Building block 

Plenty of optimists have probably looked around a depressed section of downtown and thought, "I could fix that."

Of course, most have stopped short of taking out a paint can and going for it.

Most, not all.

In cities across the nation, people are taking that can-do sentiment to heart and transforming small sections of their urban environments overnight to create experimental "Better Blocks" (betterblock.org). The operations are sometimes done "guerilla-style," and other times performed with the support of city governments. But the outcomes are largely the same.

For a day, a city block or two is given a temporary makeover: new paint, slowed or stopped vehicle traffic, bike lanes and bike parking, pedestrian cafes set up in lanes of closed-down streets, lively window displays, art and music.

The goal is to give people an idea of what is possible and, in doing so, spur change.

Colorado Springs residents will get their own taste of the Better Block concept very soon, when Pikes Peak Avenue between Tejon Street and Nevada Avenue is transformed from noon Sept. 21 to noon Sept. 22.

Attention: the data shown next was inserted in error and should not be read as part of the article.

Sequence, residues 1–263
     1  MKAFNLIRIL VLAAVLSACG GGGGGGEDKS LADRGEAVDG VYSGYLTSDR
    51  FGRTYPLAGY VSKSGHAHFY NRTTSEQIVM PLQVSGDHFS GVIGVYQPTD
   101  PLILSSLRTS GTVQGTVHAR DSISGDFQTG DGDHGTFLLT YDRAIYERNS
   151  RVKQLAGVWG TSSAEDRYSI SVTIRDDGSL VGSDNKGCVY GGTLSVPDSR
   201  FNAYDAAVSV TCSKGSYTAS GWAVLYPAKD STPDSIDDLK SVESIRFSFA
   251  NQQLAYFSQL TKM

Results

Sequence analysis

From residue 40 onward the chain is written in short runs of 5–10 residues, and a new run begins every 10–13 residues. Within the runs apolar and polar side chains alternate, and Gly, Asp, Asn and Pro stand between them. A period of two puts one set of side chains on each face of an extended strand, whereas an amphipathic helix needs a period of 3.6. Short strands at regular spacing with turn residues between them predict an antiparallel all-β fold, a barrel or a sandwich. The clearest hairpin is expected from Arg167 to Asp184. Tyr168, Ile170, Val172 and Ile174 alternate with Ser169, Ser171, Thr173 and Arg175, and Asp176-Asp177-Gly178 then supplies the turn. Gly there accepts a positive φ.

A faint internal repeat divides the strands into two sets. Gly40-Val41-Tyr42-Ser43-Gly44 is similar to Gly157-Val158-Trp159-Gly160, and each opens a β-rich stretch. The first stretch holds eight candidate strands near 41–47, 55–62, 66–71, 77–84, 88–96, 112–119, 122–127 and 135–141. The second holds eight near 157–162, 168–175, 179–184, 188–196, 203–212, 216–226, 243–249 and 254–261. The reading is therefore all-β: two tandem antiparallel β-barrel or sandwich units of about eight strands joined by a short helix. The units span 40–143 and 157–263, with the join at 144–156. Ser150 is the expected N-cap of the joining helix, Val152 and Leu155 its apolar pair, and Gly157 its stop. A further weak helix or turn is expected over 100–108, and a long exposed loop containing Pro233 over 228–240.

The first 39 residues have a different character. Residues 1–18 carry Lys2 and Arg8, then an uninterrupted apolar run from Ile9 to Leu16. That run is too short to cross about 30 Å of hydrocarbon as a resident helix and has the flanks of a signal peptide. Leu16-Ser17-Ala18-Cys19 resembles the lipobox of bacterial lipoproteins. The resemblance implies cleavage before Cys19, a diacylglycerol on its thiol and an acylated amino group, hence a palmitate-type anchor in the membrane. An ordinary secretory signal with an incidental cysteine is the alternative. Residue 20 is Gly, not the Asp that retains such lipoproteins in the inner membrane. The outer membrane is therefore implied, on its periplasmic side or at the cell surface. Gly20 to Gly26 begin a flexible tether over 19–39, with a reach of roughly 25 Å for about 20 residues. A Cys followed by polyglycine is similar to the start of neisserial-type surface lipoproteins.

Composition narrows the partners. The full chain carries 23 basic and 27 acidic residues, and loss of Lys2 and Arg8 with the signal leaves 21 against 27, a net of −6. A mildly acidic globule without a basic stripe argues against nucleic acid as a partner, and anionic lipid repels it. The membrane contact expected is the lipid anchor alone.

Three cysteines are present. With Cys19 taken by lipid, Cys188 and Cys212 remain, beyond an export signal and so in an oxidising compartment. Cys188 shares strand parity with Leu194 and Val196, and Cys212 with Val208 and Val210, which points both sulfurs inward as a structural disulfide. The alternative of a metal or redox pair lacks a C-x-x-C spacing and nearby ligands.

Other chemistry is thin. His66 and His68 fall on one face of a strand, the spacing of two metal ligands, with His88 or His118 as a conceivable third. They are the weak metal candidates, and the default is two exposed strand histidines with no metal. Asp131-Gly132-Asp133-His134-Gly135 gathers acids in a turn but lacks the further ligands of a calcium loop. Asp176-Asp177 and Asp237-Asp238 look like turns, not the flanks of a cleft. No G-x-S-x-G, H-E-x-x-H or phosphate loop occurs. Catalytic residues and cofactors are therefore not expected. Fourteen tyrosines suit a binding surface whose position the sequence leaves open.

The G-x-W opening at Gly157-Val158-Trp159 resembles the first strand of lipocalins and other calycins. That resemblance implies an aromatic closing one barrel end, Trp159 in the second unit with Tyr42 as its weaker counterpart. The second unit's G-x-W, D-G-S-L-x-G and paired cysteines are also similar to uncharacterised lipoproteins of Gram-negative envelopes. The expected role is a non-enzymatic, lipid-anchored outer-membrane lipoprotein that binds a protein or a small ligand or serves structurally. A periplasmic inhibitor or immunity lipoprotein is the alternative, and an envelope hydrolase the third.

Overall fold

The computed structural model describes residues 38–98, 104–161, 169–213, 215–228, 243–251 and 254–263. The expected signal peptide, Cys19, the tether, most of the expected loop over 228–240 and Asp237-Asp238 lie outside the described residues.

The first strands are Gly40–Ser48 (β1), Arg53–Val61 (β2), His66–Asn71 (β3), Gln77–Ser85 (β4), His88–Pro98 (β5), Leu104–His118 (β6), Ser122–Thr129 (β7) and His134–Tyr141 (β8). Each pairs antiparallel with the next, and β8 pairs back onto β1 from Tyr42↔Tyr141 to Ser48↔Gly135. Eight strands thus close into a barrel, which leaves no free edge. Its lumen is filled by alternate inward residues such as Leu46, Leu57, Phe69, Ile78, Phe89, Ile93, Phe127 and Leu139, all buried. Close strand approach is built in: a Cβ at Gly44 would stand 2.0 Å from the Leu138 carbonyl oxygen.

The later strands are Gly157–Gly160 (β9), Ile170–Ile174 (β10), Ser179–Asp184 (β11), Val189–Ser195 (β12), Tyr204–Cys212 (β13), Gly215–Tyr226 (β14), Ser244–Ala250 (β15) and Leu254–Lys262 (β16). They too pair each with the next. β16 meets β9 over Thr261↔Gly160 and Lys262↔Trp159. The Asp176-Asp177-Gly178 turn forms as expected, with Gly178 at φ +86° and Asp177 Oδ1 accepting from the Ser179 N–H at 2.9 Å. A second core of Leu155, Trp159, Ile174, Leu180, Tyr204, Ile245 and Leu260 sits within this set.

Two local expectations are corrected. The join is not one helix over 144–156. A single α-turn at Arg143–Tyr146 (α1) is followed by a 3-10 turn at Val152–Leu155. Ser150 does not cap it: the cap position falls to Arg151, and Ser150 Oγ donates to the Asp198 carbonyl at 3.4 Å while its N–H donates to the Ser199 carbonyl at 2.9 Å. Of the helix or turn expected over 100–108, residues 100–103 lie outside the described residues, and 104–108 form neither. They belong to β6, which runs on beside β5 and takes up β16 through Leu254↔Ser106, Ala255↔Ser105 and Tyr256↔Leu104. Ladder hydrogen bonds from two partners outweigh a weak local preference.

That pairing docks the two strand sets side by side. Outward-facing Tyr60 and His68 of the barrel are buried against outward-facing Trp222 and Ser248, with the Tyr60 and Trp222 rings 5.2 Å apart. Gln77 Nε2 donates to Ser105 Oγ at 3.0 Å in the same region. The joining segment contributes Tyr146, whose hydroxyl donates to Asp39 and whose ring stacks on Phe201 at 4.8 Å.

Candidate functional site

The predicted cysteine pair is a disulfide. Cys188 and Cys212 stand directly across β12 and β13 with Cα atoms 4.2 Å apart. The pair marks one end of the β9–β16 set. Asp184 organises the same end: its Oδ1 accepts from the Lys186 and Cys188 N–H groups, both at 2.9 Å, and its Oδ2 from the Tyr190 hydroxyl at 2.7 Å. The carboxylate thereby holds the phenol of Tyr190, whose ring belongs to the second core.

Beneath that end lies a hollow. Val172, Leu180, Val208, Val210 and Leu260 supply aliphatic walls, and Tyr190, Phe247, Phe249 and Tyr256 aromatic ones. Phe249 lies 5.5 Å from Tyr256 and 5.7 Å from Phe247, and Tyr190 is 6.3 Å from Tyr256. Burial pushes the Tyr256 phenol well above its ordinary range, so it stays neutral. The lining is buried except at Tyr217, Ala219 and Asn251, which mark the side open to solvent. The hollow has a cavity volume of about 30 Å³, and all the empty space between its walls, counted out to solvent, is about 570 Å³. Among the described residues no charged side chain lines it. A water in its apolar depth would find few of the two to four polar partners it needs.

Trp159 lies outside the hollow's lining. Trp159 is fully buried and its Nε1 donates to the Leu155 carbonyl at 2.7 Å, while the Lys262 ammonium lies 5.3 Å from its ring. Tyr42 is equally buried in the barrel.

During the 24-hour experiment, traffic will be reduced to two lanes and slowed to just 5 miles per hour, and bikes, bike taxis and pedestrians will take over.

Expect cafes, plants, cheery storefronts and art.

If you like it, thank John Olson, landscape architect and planner at EVstudio. Olson saw a YouTube video of the original Better Block (performed near Dallas), a few years ago and was immediately intrigued.

During the past few months, he's worked with the city, and friendly businesses and nonprofits, to plan the event, which will cost around $11,000.

In his business, most big changes start on paper, but Olson says many people can't relate to that.

Better Block allows many people to "physically experience a place, rather than just looking at a drawing," Olson says.

Nick Kittle, the city's manager of administrative services and innovation, says that often it's difficult to excite the public about a big change. But with something temporary like Better Block Pikes Peak, citizens can get an idea of what a change will be like well before they're asked to commit to anything.

"It's important for us to have permission to try things," he says.

Though the format has yet to be decided, the city will have a way for citizens to comment on the Better Block experiment.

The city also plans to examine economic impacts.



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